Student project helps peers in psychiatric treatmentMar. 7, 2019, 10:32 AM
by Kelsey Herbers
Mike Mitchell, visual arts instructor at Father Ryan High School, and Meg Benningfield, MD, MSCI, division director for Child and Adolescent Psychiatry at Vanderbilt University Medical Center, have been close friends since their children enrolled in the same kindergarten six years ago.
When Mitchell told Benningfield about an art project in which his students were creating cubes of basic symbols designed to help children learn English at a local elementary school, the conversation gave Benningfield the idea to create a cube encompassing the six basic human emotions (happy, sad, angry, surprised, disgusted and afraid) using emojis to incorporate in a pediatric psychiatry setting.
Mitchell volunteered his class to create what the pair called “feelings dice,” which were handed out last year to VUMC’s second-year Psychiatry fellows. The fellows used the dice to engage patients in a conversation about situations that caused them to feel each of the emotions.
“We know that being able to use language to identify feelings is helpful for kids’ ability to manage and deal with their feelings, so the original game we came up with was having them roll the die, and when it landed on an emotion, we would ask them what that emotion feels like in their body and how they’re likely to react when they feel that way,” said Benningfield, associate professor of Psychiatry and Behavioral Sciences and Pediatrics.
But the collaboration didn’t stop there. Benningfield and Kiera Schlansky, MD, resident physician in the Department of Psychiatry and Behavioral Sciences, took the concept a step further by contemplating how it could be used to help patients learn and remember coping techniques.
Using the same concept of emojis glued to a small, wooden block, Schlansky created an activity the department calls “Coping Cubes,” which was launched in the Adolescent Partial Hospitalization Program in December 2018.
Patients pick six emojis from a bank, each representing a coping skill they want to try. A dog emoji could mean taking the family’s dog for a walk or volunteering time at an animal shelter, while a laughing emoji might symbolize watching funny videos or talking with a friend who makes the patient laugh.
“The thing I love about this is that there are no names on the emojis, so it’s open to interpretation,” said Benningfield. “All the patient needs is a reminder of what they decided to practice and why they decided to practice it, so it makes it really flexible and practical.”
Patients keep track of what each symbol means to them by filling out a reference sheet at the time they create the cube. Each cube also comes with a journal sheet to help track when the patient practiced each skill and whether it worked in that situation.
“You come up with coping skills you want to try and take them home with you in a physical representation,” said Schlansky.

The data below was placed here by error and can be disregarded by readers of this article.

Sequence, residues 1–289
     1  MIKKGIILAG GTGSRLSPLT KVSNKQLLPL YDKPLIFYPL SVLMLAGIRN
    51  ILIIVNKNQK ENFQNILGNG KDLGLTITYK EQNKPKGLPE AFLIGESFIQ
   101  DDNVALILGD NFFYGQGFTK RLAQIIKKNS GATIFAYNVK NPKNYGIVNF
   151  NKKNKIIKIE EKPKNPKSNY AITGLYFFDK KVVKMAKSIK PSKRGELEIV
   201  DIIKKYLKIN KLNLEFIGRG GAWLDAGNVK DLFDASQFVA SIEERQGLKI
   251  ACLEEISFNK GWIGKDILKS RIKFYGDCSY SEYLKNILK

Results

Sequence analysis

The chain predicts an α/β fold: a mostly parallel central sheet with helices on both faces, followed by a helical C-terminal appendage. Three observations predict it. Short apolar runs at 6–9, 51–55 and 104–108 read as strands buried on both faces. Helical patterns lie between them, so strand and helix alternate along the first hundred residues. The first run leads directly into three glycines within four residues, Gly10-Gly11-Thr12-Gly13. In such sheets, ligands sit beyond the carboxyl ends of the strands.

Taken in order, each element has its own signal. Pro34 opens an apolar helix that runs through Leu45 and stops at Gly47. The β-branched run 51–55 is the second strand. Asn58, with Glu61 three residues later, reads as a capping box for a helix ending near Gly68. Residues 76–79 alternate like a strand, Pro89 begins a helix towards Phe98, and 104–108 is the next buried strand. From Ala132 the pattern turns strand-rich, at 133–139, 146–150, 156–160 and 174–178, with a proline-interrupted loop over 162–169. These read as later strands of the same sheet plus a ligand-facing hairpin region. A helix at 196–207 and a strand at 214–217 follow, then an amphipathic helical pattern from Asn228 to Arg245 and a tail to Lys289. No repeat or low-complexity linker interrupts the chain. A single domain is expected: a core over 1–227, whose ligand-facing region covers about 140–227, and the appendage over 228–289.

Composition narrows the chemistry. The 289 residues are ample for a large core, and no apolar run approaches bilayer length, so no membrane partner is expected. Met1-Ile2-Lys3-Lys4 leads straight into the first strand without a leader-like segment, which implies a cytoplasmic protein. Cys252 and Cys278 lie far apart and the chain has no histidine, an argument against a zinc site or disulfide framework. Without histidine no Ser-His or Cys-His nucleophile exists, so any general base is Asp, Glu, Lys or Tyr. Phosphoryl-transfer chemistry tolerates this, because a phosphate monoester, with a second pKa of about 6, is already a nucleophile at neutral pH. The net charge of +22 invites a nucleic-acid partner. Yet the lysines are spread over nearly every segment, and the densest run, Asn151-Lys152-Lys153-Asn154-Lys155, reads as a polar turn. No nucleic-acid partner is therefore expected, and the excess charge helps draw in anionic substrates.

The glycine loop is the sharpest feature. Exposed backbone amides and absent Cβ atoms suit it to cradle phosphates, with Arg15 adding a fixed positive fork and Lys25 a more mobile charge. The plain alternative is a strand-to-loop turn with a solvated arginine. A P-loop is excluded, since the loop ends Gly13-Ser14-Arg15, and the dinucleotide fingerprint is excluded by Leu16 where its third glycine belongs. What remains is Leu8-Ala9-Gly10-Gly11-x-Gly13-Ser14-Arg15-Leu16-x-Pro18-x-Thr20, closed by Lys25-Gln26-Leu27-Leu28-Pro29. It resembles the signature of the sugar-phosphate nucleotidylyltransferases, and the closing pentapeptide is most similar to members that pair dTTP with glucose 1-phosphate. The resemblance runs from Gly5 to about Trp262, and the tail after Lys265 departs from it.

Patients can then bring their cubes back to the Adolescent Partial Program the next day after a full night of practice to discuss which coping strategies did and didn’t work in a real-time setting, allowing them to modify their skills bank as they go. By the end of the program, each patient will have six coping skills they have tried, tested, modified and discussed, giving them a better sense of which strategies work best for them.
Clinicians also encourage patients to share their blocks with their families to help articulate how activities like coloring or taking a shower may help them cope with difficult feelings.
The students in Mitchell’s Introduction to Art and 3D Design class at Father Ryan prep the cubes for patients by cutting the wood down to size and sanding and painting the surfaces. For Mitchell, the project provides a way to teach students how to safely use a chop saw while also having their work positively impact other children in the community.
“All of the students who have worked on the project thus far have been really impacted by the idea that these blocks might help someone create a structure for navigating their day-to-day life,” said Mitchell, who added that the project has opened discussions about establishing strategies for managing trauma before trauma occurs.
Mitchell and Benningfield hope that Coping Cubes will not only help patients cope with distress, but also will serve to decrease stigma about mental health needs in adolescence.
According to Mitchell, “It has definitely helped create a more open space to discuss mental health in the classroom, and it hopefully is adding to the existing culture on campus being created by the administration, guidance department, teachers, coaches and students of being known and loved while at Father Ryan High School.”